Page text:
Naturally it should be stated that this will almost certainly not have an impact on the movies in the near future. Chris Hemsworth has not been deposed — he and his biceps will still be gracing your screen for Avengers 2, and more than likely a third Thor movie as well — but a comic series is a great first step.

This also marks another strive toward increased inclusiveness on Marvel’s part. Between Kamala Khan, Miles Morales and now this, it’s nice to see that they are consciously making an effort to branch out and appeal to wider demographics.

Will you be picking up the new comic series? Are you stoked about the change, or concerned?

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You Should Be Watching Channel 4’s Utopia

The end of Utopia … or is it?


What do those pesky feminists want from female characters?

This debate about seems to go on forever. Not among feminists, of course, but among people who want to roll their eyes about “those feminists” always demanding that every show have a strong lead female character. Which of course is not what most feminists want from their female characters. What we want, by and large, is fairly simple: we want female characters to be people.

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The Leftovers, or Why We Need to Stop Predicting the Next Breaking Bad


The Leftovers premiered a couple of weeks ago on HBO. Based on the Rapture-esque Tom Perrotta novel of the same name, the show follows the lives of a group of small town residents still reeling from an event three years earlier in which 2% of the world’s population mysteriously disappeared. More a treatise on grief than a supernatural mystery, both the show and the book promise a lot of dark introspection without much payoff. Which is fine, depending on how that grief plays out.

The performances are good, although I would argue that while Justin Theroux’s talent at looking angry and sweaty and shirtless is unparalleled, he’s a bit of a dull lead. And, as with all TV shows, there hasn’t been enough Christopher Eccleston yet.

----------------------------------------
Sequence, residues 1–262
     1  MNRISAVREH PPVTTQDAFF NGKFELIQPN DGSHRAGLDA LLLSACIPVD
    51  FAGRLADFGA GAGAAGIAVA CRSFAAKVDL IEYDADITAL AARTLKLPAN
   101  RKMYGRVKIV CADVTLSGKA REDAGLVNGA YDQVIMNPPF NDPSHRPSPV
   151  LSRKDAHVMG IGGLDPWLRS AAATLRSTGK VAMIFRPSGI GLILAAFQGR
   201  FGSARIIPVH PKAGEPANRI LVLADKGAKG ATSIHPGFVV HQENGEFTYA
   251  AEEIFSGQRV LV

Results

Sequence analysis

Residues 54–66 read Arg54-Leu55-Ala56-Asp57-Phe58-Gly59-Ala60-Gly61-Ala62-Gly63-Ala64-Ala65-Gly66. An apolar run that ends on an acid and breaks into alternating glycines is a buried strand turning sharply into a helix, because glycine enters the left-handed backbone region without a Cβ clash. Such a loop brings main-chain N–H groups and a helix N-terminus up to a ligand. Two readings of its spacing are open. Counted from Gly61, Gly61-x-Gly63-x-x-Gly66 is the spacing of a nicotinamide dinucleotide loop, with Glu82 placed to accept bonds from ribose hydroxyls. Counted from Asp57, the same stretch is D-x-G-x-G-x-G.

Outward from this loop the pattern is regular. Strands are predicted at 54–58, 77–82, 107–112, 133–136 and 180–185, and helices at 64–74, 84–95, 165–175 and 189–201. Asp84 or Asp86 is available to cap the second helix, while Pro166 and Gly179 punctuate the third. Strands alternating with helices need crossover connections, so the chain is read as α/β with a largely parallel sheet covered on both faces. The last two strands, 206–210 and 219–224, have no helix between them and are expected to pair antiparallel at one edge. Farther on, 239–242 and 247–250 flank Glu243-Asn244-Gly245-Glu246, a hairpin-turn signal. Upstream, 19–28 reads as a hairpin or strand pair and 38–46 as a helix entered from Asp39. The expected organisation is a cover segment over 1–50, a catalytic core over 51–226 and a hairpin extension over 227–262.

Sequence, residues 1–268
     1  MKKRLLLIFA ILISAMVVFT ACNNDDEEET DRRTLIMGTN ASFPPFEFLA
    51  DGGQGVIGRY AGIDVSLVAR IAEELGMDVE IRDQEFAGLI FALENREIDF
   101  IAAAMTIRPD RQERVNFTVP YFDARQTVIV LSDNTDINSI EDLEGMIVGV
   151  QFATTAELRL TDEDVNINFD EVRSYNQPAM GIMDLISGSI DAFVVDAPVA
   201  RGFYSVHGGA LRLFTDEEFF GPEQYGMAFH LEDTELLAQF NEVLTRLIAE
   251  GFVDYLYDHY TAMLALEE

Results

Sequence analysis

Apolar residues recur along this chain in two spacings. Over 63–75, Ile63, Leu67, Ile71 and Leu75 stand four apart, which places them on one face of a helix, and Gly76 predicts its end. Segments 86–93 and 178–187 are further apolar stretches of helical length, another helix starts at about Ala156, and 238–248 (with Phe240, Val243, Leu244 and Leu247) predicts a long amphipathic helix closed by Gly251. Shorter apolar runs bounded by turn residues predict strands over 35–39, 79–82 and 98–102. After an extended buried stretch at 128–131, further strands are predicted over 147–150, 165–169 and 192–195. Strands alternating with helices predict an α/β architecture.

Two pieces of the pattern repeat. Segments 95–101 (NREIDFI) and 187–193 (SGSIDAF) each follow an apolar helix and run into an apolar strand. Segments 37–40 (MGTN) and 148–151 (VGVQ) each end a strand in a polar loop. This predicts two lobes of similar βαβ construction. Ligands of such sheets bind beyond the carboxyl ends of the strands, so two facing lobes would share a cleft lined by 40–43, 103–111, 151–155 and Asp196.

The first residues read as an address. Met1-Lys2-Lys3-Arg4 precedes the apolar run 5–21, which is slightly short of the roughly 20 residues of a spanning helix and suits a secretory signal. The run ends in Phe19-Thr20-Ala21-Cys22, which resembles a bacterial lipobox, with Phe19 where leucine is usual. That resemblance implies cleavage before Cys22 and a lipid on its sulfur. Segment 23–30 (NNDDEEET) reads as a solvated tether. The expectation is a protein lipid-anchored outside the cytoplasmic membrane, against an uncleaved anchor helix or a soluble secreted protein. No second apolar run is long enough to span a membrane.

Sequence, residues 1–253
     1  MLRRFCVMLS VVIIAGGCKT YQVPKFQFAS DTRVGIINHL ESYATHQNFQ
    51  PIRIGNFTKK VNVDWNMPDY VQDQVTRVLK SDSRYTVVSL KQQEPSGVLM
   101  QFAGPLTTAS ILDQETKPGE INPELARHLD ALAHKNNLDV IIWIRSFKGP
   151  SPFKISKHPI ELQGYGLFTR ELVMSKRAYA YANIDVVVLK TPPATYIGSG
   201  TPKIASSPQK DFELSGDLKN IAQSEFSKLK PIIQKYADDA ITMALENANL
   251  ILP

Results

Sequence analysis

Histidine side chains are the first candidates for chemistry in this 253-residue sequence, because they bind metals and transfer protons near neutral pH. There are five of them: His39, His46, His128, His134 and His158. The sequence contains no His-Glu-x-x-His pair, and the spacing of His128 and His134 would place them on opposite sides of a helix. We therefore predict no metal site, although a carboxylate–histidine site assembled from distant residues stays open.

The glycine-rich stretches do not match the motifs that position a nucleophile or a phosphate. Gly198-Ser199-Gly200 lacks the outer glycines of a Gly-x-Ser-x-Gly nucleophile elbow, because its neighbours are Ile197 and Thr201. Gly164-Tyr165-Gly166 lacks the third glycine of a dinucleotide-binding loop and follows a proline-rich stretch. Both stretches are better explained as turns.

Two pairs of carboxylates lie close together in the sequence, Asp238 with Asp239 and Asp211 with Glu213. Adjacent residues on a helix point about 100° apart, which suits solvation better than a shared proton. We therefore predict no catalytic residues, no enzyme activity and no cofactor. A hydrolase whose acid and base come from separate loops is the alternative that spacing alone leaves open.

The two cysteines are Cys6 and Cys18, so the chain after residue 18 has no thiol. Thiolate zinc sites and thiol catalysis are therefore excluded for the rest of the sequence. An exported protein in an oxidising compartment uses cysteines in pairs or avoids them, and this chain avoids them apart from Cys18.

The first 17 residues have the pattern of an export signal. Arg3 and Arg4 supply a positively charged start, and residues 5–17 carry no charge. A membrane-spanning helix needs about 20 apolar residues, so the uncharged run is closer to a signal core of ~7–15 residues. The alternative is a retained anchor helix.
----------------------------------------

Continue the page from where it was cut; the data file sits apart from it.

Whether or not people want to spend week after week (particularly in the dead heat of Summer) meditating on grief and loss is debatable, but the show does appear to be off to a good start, lead character and his potential psychosis aside.

And while professional and amateur reviews of the show have been fairly good, there’s one thing that seems to be troubling reviewers and audience members alike: Will this be the next Breaking Bad?

Was Fargo the next Breaking Bad? Was True Detective?

Is Game of Thrones the natural successor to Breaking Bad?

Will we ever get another Breaking Bad?

In a word, no. Truly amazing, transcendent TV is extremely rare. TV is absolutely getting better, to the point where film is starting to look outdated and clunky in comparison, but it’s unfair to constantly set this expectation of brilliance for every new cable premiere.

Moreover, it’s also an expectation that cheapens the thing you consider so great by expecting a natural successor to pop up mere weeks or months after the series finale.

I don’t know yet if The Leftovers will be an amazing show, just like nobody knew what Breaking Bad would become at the two episode mark. I do know that Fargo’s brilliance was blown wildly out of proportion, but I suppose that that’s another post for another day.

In any event, can we just let a show grow and develop without heaping on it some enormous pressure to be the next greatest thing you’ve ever seen?

But seriously — more Eccleston.

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Why My Magicians Piece for The Mary Sue Was All Wrong


I try not to wave the big pink flag of my gender around here too often, for the simple and unfortunate reason that it often gets me taken less seriously. You would think that a blog called Tea Leaves and Dog Ears would skew female in people’s minds (doubly so if they actually checked my About Me page), but somehow unless I actually open with, “As a woman…” people default male.

Which… I’m fine with. Sort of. I would rather have people both assume I’m a woman and take all of my arguments at face value, but for the moment that seems to be an impossibility. So if there’s a choice, I suppose I’d rather be taken seriously by randoms on the internet when I want to yell about TV shows and books (remember when I wrote about books?) than be dismissed as an idiot who doesn’t know what she’s talking about.

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SHIELD Needs to Just Let Ward Be Evil

[This post contains major spoilers for Captain America: The Winter Soldier and the last two episodes of SHIELD. You've been warned.]